MIT Sloan Sustainability Initiative
Patrick Flynn always asks the question: what is your sustainability superpower?
Written by: Tracey Palmer
The best sustainability strategies start by recognizing what it is you do well, where you have influence, and how you can use your core strengths to drive positive change. Or in other words, as Patrick Flynn says: What’s your sustainability superpower?
A mechanical engineer by trade, Patrick’s first job was designing HVAC systems for high-rise buildings. It showed him up close the failures in the building and construction sector to design for the long term. “With our global built environment contributing to 30-to-40% of global emissions, it naturally drew me into climate change,” he says.
This concern for the climate led Patrick to become an investor in a cleantech venture capital firm, where he focused on green building technologies and software-driven energy efficiency. Soon after, he took a job at IO, a leading global co-location data center provider, where he led sustainability strategy.
At MIT Sloan, Patrick wanted to build a solid business foundation and be part of a vibrant community. “I loved the diversity,” he says of the Sloan community. “That’s what struck me first. It seemed like a program where I could gain a broad amount of perspectives while contributing my own point of view. From the large number of international students, to the diversity of professional backgrounds and professional goals—I felt it right away.” And then there was the sustainability program and action learning. “I felt like I could really hone my skills as an aspiring change-maker with the combination of those two.”
By the time Patrick joined Salesforce in 2015, he was well-prepared to apply his newfound knowledge and experience to the challenge at hand—modernizing an incredibly intricate carbon accounting process. In line with his philosophy about sustainability superpowers, Patrick helped Salesforce set and meet two significant commitments—to support all operations with 100% renewable energy, and to offset all operational and product-related emissions. Way ahead of schedule, Salesforce has already basically achieved both.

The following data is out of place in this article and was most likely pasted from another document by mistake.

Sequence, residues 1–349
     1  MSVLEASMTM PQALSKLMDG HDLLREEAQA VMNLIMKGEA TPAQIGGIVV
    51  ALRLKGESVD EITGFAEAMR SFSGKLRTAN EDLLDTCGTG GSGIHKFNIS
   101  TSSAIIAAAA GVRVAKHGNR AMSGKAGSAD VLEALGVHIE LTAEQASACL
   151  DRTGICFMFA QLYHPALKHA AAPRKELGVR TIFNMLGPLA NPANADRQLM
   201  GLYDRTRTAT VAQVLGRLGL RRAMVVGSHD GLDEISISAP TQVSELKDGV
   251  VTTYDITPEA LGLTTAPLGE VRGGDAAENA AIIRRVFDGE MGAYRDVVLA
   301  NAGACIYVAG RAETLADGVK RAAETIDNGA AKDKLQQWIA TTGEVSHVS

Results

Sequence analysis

“With everything, quality is of the utmost importance,” Patrick says. “We’ve moved as fast as high-quality action allows.”
More recently, the company has aligned long-term commitments to a 1.5 degree Celsius future with a Science Based Target. “The world needs long-term alignment and near-term action,” says Patrick. “That’s why our commitment to nature-based solutions is also vital.”
Salesforce supports the trillion trees initiative via 1t.org and set its own 100 million tree goal. “This is an all-of-the-above moment in the climate emergency,” Patrick adds. “We need all helpful actions executed in parallel, as fast as the highest levels of impact will allow.”
The Sustainability Cloud
With high impact in mind, Salesforce has launched its most comprehensive product yet, Salesforce Sustainability Cloud. Rolled out in 2019, this platform is best understood as a carbon accounting solution that enables organizations to more quickly audit their carbon emissions and take action. Patrick is particularly excited to use the platform to go deeper upstream in his own company’s supply chain. Salesforce has its own goal that suppliers representing 60% of its Scope 3 emissions will set Science Based Targets of their own by 2024.
“Climate change, to me, is the biggest macro-shift ahead for businesses of every sector, size, and geography,” Patrick says. “It will transform energy, agriculture, transportation, financial services, insurance, you name it! So for Salesforce to be there, with our technology platform, to help our customers to take advantage of the opportunities that will come from this shift is really inspiring to me. Our technology in their hands is us using our superpower for climate. And the beautiful thing is—when a customer uses it, the product helps them find their own superpower for climate too.”